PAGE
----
Syria NGOs plead for new aid resolution at UN

A boy carries humanitarian aid packages in the al-Hasakeh governorate in northeastern Syria. (File/AFP)
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Updated 10 January 2020

Syria NGOs plead for new aid resolution at UN

  • The UN Security Council was set to vote later on Friday on extending cross-border humanitarian aid to Syria, but Russia has been pushing for a reduction in aid that has set up a showdown with the West
  • The authorization for the aid, which enters the country without the formal permission of the regime in Damascus, has been in place since 2014 and is set to expire on Friday

ISTANBUL: NGOs working in Syria warned Friday of a humanitarian disaster unless Russia and the West can overcome their differences at the United Nations and renew a resolution allowing aid deliveries.
The UN Security Council was set to vote later on Friday on extending cross-border humanitarian aid to Syria, but Russia has been pushing for a reduction in aid that has set up a showdown with the West, according to diplomats.
“Unless a miracle happens today the Syrian people will be left without humanitarian aid,” said Ghasan Hitto, president of the Syrian Forum at a press conference in Istanbul that gathered 19 NGOs working in Syria.
“This crossborder resolution is extremely important, this is how aid flows from various countries, from Jordan, from Lebanon, from Turkey into Syria,” he added.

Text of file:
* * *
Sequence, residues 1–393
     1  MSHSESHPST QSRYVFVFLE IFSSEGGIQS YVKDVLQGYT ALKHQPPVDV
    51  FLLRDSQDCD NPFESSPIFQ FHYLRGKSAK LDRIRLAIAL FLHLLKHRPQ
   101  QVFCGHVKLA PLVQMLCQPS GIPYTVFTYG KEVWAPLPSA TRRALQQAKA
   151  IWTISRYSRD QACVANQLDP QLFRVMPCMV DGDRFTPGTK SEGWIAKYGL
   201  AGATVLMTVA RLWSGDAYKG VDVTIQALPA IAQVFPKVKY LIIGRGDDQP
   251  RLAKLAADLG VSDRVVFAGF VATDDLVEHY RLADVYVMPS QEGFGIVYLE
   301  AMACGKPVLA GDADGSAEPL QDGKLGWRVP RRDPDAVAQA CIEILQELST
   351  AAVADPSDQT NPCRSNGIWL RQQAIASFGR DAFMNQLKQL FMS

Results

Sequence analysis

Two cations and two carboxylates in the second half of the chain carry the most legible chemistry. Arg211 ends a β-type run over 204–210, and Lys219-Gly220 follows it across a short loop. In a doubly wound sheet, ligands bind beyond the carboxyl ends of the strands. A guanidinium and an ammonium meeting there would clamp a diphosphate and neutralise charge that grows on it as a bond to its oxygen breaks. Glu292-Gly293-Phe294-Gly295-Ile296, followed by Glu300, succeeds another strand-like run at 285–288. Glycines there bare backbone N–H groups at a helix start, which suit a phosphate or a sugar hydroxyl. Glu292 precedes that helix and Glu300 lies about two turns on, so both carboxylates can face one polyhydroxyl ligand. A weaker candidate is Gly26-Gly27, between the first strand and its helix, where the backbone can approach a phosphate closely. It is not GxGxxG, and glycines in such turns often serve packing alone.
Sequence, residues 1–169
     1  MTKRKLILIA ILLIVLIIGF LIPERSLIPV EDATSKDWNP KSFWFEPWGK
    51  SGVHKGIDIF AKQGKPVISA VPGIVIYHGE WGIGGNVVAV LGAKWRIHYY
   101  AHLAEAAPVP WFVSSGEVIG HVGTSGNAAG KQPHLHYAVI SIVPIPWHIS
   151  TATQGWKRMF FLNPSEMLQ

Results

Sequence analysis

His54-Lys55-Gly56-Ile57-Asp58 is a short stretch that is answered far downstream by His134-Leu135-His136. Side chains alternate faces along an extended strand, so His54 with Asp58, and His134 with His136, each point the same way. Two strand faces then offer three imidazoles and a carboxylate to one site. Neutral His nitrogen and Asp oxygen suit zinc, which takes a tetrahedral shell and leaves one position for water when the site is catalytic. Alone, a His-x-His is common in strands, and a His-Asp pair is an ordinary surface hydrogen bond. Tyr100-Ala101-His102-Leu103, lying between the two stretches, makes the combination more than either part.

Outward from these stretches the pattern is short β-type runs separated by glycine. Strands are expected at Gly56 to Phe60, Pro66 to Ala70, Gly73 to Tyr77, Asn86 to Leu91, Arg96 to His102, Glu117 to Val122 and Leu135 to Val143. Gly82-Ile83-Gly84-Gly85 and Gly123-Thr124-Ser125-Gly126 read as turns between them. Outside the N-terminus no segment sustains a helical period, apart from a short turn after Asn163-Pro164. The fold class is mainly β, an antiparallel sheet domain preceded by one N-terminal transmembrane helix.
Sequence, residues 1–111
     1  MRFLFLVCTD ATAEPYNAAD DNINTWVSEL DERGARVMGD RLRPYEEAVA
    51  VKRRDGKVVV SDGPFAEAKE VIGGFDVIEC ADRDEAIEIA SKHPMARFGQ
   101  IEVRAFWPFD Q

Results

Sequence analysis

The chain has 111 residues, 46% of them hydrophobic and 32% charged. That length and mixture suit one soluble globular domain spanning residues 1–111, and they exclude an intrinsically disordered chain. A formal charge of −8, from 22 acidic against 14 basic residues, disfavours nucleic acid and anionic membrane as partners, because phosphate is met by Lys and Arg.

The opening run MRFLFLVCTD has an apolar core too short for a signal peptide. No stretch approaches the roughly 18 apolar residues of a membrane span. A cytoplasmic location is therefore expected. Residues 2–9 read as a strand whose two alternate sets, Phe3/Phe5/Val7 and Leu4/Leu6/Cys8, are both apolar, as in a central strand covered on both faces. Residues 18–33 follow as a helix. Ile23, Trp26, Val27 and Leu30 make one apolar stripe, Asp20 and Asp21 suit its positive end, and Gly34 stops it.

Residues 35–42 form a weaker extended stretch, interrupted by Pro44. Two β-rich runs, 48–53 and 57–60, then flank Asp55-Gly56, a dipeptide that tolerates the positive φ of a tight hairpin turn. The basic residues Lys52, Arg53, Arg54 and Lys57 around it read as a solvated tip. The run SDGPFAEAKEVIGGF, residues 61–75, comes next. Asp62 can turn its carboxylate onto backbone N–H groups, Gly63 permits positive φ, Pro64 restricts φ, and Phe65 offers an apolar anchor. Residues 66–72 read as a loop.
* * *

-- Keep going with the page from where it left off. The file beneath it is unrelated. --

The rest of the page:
The authorization for the aid, which enters the country without the formal permission of the regime in Damascus, has been in place since 2014 and is set to expire on Friday.
For the NGOs, the issue has become critical as Syrian government forces, backed by Russia, intensify attacks on the last rebel stronghold of Idlib.
Zaher Sahlul, director of MedGlobal, said 360,000 people had been displaced in Idlib in the last three weeks alone, and one million since April.
“The situation is beyond catastrophic,” he said.
“We need the cross-border resolution today,” added Zahed Al-Masri, of Physicians Across Continents.
“If the negotiations do not succeed millions will die.”
Four million Syrians directly benefit from the cross-border aid shipments.
A vote on December 20 saw the Security Council’s 15 members split as Russia and China vetoed a European proposal to extend the aid entering through three spots in Turkey and Iraq for a year.
A competing Russian resolution included only two entry points at the Turkish border and would have extended the authorization for only six months, but it failed to get the minimum nine votes.


Yemenis fear decaying oil tanker could cause major disaster

Updated 41 min 45 sec ago

Yemenis fear decaying oil tanker could cause major disaster

  • Beirut explosions spur activists and fishermen to warn of potential impact if Safer tanker is not repaired

AL-MUKALLA: Following Tuesday’s huge explosions in Beirut, Yemenis have been voicing their concern that the decaying Safer floating storage and offloading terminal could lead to a devastating disaster in Yemen if it is not repaired soon.

Having seen footage of the destruction wrought by the explosions in Lebanon, Yemeni fishermen, politicians, government officials, military officers and activists have urged the international community to pressure the Houthis to give experts from the United Nations access to the damaged ship so that it can be fixed.

The Safer has been stranded off the western city of Hodeida since early 2015. It reportedly carries around 1.1 million barrels of crude oil and has recently shown signs of rusting, with water entering the engine room. That leak prompted UN officials to warn of a major impending environmental disaster in the Red Sea, as well as the potential risk of a massive explosion caused by the build up of gases in the storage tanks, or by weaponry fired deliberately or accidentally.